In things essential: unity.
In things doubtful: liberty.
In all things: charity.
Now the reason for the quote was that in the early church, there were factions starting to practice in different ways, especially in northern Africa. So the statement was meant to both unify, allow for some discretion and to refocus church leaders. Regarding the basics and fundamentals of the church, they all had to be unified without question. In some of the fringe issues, let the local church have some discretion. But regardless, have the welfare of the people at the forefront of your mind and heart. A solid message.
So how does this relate to softball?? I know right? Kind of crazy that I'd even TRY. But to tell you the truth, it's immediately what I thought about when I read the pastor's piece.
What are the essentials in softball? Defense. Hitting. Pitching. With pitching, either you have a good pitcher who can move the ball around, not walk people and field their position or you don't. Defense has some decisions to be made though: four infielders or five? Depending on that answer, people can be moved around too (some of our best athletes are either our best infielders or our best outfielders depending on where they play). Everyone though has to be on the same page as to what we should be playing and when. No dissenters. Unity.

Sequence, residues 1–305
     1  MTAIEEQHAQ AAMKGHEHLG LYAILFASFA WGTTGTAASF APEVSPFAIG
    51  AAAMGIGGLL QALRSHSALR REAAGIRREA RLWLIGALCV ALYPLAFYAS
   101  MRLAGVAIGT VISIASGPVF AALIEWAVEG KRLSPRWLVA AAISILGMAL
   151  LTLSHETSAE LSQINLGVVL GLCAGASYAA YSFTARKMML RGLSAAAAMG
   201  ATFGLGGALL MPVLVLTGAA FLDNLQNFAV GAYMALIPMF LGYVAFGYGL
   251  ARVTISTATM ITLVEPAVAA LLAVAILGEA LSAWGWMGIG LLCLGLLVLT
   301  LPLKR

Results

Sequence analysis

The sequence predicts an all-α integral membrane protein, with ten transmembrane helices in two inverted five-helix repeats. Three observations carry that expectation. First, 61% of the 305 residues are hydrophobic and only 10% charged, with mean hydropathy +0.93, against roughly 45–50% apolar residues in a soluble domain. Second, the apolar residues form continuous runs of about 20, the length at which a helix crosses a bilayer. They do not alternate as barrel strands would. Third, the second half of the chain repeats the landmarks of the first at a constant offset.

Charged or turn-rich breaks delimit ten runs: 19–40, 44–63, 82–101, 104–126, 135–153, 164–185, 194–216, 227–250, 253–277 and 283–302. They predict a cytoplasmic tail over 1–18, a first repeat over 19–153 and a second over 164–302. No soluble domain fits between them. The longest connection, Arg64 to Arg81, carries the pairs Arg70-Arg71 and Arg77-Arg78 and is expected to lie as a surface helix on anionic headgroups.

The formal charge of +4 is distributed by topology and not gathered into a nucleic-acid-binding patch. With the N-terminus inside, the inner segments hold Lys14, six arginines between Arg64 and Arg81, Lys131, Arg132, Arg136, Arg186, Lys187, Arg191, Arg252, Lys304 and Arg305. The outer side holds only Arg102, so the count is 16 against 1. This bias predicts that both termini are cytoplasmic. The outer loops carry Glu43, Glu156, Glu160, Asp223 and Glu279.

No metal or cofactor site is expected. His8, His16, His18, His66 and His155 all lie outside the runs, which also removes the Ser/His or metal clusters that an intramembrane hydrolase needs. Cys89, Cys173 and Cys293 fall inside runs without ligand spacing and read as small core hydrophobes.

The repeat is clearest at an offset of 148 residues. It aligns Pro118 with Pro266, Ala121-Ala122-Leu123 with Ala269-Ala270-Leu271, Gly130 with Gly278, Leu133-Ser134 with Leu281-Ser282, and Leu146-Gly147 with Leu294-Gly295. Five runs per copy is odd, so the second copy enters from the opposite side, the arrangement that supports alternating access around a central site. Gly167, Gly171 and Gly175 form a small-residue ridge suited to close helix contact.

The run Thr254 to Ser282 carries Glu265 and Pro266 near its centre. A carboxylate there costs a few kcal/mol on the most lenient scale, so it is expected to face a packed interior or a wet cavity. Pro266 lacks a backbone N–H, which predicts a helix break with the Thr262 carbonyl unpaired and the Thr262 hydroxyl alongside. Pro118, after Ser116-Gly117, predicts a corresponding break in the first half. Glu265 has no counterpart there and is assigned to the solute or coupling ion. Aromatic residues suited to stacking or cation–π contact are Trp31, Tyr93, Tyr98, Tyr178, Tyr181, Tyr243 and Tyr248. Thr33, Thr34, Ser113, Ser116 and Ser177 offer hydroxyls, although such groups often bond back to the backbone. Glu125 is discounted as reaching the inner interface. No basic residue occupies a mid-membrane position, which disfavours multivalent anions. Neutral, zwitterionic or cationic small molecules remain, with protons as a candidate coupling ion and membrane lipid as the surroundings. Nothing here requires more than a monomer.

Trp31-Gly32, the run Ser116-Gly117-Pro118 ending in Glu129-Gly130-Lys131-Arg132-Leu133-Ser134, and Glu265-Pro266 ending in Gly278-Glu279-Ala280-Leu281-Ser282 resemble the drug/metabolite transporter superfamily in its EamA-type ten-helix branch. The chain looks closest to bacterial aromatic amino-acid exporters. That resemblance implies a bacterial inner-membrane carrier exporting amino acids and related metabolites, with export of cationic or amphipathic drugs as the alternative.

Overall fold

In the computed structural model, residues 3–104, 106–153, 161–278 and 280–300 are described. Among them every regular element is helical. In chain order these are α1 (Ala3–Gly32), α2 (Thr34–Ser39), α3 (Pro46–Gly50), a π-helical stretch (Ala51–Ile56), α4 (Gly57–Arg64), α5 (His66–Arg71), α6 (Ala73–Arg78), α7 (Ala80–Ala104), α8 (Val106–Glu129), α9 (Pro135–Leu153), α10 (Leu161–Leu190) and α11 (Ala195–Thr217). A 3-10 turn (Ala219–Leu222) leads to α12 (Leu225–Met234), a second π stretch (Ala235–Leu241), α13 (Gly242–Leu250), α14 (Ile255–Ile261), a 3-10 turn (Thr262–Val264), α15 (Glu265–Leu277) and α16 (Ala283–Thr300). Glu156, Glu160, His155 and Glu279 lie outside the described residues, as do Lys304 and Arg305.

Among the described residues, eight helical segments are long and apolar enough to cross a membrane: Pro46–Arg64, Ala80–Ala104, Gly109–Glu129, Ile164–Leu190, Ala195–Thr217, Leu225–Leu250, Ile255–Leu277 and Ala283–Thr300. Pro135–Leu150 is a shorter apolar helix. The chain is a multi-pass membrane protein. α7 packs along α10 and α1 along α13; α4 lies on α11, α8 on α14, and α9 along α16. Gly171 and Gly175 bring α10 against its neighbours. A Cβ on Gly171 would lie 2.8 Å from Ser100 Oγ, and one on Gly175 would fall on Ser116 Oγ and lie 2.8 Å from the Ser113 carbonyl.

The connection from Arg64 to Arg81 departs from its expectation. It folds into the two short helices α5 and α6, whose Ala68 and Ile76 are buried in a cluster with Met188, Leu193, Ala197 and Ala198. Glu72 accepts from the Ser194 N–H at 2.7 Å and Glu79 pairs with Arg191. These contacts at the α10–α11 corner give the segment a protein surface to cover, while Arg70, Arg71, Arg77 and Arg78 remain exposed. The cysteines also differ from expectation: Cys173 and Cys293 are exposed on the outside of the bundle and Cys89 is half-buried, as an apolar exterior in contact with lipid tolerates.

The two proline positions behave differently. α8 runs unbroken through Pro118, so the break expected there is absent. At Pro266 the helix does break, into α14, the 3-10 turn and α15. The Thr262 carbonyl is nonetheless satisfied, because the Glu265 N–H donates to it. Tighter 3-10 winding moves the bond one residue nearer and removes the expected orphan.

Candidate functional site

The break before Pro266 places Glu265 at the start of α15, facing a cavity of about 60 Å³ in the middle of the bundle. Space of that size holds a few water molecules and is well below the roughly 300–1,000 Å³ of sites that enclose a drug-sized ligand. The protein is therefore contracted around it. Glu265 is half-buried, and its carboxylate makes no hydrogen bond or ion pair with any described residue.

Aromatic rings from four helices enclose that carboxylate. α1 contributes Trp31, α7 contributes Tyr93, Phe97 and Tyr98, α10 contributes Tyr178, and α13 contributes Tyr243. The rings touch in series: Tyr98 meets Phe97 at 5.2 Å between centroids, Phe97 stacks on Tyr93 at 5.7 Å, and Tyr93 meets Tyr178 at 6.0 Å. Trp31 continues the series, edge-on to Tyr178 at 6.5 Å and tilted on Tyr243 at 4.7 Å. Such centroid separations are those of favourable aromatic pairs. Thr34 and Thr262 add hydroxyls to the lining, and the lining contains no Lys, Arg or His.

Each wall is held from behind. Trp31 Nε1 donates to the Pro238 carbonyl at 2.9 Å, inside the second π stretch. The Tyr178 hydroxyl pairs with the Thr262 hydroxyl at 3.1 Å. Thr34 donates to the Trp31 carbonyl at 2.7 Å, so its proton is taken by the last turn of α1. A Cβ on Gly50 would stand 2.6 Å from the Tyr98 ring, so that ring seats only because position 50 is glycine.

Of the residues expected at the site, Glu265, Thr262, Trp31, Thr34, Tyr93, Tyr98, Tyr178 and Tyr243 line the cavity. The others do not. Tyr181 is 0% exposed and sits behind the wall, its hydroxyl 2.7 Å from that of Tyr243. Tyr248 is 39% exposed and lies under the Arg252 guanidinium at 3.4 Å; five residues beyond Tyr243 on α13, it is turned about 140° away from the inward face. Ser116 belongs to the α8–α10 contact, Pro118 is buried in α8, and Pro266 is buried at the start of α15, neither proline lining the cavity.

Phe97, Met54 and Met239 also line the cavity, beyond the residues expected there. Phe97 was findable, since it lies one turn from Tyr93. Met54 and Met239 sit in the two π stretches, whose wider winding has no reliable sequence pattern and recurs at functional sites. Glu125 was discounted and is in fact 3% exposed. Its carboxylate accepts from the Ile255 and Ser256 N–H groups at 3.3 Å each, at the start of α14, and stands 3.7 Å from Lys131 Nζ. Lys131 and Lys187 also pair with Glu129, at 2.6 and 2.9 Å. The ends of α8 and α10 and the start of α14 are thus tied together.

While hitting is essential, there are different approaches: work the count (like I do) and take a walk if it comes your way and be a good two strike hitter. Or hit the first good pitch you see. Hit for power or have a high on base average. While hitting is essential, even during a game people will talk about changing their approach, taking more pitches and focusing on having quality at bats. Liberty, to some degree.
But in the end we all want to win and we enjoy playing softball. We don't attack each other if there's a mistake or dumb play. We support each other and enjoy spending the time out there. Maybe it's not the greatest analogy to "charity", but it's putting the greater good of the team and friends first, so maybe it's not that far off.